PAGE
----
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New application accessing the Salesforce API


Your Salesforce cloud deployment contains your company's most critical customer information. To help protect this data, you want to regularly monitor users who connect to SFDC's reporting API with new clients.

Required data 

Salesforce data


  1. Populate the lookup_sfdc_usernames lookup provided by the Salesforce Add-on with live values from your site.
  2. Run the following search. You can optimize it by specifying an index and adjusting the time range.
|lookup lookup_sfdc_usernames USER_ID
|stats earliest(_time) AS earliest latest(_time) AS latest BY USER_ID, CLIENT_NAME
|where earliest > relative_time(now(), "-1d@d") 

Search explanation

The table provides an explanation of what each part of this search achieves. You can adjust this query based on the specifics of your environment.

Splunk Search Explanation


Filter for events where the CLIENT_NAME is set to a value. 


Filter for API-related events.


|lookup lookup_sfdc_usernames USER_ID

Convert the SFDC USER_ID into a friendly username via a lookup. 

|stats earliest(_time) AS earliest latest(_time) AS latest  BY USER_NAME, CLIENT_NAME

Calculate the earliest and the latest time this combination of fields occurred. 

|where earliest > relative_time(now(), "-1d@d")

Determine whether the earliest time this value was seen was within the last day.

Next steps

While there are no traditional false positives in this search, there will be a lot of noise. Every time this search runs, it will accurately reflect the first occurrence in the time period you're searching over (or for the lookup cache feature, the first occurrence over whatever time period you built the lookup). You should not review these alerts directly (except for high sensitivity accounts), but instead use them for context or to aggregate risk.

For most environments, these searches can be run once a day, often overnight, without a lag. If you want to run this search more frequently, or if this search is too slow for your environment, leverage a lookup cache. 

When this search returns values, initiate your incident response process and identify the user demonstrating this behavior. Capture the time of the event, the user's role, and application. If possible, determine the system used and its location. Contact the user and their manager to determine if the download is authorized, and then document that it was authorized and by whom. If you cannot find authorization, the user credentials may have been used by another party and additional investigation is warranted.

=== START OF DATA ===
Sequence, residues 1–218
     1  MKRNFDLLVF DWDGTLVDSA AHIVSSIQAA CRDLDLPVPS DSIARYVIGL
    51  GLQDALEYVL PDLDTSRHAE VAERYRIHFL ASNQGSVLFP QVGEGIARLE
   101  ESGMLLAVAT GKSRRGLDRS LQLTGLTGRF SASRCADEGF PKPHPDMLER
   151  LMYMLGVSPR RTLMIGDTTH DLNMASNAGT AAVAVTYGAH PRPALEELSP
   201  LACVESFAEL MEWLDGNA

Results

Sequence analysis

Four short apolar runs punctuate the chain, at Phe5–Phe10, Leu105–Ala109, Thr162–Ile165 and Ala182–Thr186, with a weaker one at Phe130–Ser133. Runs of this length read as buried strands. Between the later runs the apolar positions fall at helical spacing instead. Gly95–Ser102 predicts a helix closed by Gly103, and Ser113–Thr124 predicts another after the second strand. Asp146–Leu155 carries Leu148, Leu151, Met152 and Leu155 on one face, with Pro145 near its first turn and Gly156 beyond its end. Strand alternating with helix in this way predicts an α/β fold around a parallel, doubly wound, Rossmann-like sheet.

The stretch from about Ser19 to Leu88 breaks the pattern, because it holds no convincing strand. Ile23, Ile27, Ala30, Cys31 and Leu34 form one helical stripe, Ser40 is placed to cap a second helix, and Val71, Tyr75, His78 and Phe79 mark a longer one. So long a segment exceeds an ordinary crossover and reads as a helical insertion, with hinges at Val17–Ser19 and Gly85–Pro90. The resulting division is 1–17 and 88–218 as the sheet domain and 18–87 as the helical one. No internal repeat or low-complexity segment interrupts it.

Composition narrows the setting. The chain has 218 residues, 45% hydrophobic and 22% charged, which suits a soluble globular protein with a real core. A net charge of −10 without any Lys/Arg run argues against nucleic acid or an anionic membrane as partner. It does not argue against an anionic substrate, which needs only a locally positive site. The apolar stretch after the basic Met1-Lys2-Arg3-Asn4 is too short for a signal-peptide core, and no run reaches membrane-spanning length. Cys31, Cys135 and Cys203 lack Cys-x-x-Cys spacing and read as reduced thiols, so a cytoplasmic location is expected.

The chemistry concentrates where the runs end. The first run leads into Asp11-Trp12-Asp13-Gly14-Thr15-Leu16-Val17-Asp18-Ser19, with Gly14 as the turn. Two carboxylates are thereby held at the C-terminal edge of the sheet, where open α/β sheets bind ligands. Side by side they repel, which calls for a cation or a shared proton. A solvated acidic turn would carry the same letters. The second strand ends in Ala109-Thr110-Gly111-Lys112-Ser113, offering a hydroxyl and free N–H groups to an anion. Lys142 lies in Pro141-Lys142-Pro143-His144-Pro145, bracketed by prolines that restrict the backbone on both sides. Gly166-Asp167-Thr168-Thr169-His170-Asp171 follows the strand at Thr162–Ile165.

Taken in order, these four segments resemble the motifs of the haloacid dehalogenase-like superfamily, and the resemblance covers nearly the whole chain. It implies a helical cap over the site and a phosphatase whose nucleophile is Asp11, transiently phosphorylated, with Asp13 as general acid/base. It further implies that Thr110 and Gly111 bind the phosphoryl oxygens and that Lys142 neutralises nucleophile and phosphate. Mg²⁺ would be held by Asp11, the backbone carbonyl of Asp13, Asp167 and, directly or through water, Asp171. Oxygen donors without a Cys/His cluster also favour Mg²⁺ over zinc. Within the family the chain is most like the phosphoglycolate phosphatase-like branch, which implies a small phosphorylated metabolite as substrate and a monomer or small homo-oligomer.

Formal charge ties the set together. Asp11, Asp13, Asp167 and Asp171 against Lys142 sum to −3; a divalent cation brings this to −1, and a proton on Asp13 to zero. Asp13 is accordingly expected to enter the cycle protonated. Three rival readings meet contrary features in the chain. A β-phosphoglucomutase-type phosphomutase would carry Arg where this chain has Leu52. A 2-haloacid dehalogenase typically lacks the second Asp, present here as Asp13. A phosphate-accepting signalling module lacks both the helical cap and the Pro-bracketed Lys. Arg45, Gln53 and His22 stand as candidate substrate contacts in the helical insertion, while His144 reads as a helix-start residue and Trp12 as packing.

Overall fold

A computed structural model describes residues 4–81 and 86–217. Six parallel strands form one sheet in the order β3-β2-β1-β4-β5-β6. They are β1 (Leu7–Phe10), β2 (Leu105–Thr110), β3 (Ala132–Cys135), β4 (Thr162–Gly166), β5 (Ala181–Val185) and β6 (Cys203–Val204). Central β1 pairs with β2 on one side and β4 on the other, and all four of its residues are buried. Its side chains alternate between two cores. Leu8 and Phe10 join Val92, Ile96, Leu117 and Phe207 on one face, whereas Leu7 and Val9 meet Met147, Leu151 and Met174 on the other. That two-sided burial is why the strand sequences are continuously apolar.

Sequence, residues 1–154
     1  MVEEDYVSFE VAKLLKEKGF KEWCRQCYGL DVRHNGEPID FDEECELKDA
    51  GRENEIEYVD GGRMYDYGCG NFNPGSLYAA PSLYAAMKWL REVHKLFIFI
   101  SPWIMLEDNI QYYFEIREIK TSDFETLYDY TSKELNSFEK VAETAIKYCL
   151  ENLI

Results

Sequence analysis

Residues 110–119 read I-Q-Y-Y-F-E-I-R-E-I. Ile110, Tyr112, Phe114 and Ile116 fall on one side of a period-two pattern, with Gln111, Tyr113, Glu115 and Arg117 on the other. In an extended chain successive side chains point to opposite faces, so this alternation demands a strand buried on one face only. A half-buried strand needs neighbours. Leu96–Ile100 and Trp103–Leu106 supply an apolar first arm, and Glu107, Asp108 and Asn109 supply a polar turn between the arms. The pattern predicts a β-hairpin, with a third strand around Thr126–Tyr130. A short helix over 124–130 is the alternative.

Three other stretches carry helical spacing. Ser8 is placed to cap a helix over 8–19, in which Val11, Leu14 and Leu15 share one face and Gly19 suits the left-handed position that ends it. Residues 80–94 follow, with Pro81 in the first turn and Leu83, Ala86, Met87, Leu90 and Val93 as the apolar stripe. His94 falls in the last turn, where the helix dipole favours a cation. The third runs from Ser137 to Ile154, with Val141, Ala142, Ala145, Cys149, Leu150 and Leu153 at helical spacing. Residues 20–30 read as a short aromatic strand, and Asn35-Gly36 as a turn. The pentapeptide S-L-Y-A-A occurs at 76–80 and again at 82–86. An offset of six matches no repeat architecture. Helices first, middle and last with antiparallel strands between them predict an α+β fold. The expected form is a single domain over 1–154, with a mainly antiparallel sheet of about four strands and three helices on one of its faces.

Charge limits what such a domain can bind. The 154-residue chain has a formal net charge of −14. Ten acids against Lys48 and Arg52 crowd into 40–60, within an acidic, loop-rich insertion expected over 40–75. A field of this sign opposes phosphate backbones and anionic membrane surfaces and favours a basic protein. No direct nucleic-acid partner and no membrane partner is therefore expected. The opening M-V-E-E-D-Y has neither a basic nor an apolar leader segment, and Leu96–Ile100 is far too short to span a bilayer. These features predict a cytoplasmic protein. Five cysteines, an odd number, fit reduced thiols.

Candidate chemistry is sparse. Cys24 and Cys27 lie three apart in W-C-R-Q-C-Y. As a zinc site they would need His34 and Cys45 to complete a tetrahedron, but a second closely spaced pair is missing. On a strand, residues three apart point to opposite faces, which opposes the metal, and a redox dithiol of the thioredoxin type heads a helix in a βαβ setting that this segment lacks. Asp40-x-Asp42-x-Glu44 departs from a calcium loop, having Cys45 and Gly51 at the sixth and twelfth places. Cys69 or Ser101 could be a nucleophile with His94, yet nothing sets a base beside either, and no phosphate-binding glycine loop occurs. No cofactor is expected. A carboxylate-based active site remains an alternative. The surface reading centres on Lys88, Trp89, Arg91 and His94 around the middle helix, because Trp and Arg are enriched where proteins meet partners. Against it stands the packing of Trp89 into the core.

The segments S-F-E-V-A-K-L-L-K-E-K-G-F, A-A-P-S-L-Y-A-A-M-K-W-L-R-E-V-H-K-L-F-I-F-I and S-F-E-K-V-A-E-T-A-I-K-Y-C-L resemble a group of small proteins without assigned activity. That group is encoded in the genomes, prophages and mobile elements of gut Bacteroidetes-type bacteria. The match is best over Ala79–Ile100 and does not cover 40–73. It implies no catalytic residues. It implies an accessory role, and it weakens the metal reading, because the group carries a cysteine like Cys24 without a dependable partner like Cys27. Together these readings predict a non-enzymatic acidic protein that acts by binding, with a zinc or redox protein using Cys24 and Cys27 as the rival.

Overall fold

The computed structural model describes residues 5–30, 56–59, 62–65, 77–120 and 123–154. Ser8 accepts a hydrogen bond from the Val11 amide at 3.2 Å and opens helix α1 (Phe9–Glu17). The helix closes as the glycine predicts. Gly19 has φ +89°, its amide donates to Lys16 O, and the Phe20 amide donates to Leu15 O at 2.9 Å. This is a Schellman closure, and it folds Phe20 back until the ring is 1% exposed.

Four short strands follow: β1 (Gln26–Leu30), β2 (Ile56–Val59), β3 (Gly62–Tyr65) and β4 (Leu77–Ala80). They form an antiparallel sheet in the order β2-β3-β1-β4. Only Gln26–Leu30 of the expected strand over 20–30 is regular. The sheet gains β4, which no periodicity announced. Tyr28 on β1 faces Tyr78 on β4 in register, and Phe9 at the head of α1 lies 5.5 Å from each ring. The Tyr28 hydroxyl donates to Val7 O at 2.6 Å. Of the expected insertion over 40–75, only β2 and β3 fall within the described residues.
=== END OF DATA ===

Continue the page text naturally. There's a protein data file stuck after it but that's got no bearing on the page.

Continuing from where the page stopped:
GDPR Relevance: Under the GDPR Article 30, organizations are required to maintain a record of processing activities, including contact details of the controller, the purposes of processing, description of the categories of data subjects and personal data processed—as well as the categories of recipients to whom the personal data has been or will be disclosed including recipients in any other countries. Interactions from new applications—whether for legitimate purposes or as a result of malicious activity—can create a non-compliance condition if they are not documented properly. This situation may not impact organizations who employ fewer than 250 persons and, therefore, may not have critical categories of personal data for processing.

Monitoring API activity can help identify connections from new applications or clients that might not be whitelisted or documented. The timely and accurate reporting of a non-compliance state can prompt the Data Privacy Officer to proactively follow up and update documentation, and report to the authorities in a timely manner if appropriate.

Finally, you might be interested in other processes associated with the Protecting a Salesforce cloud deployment use case.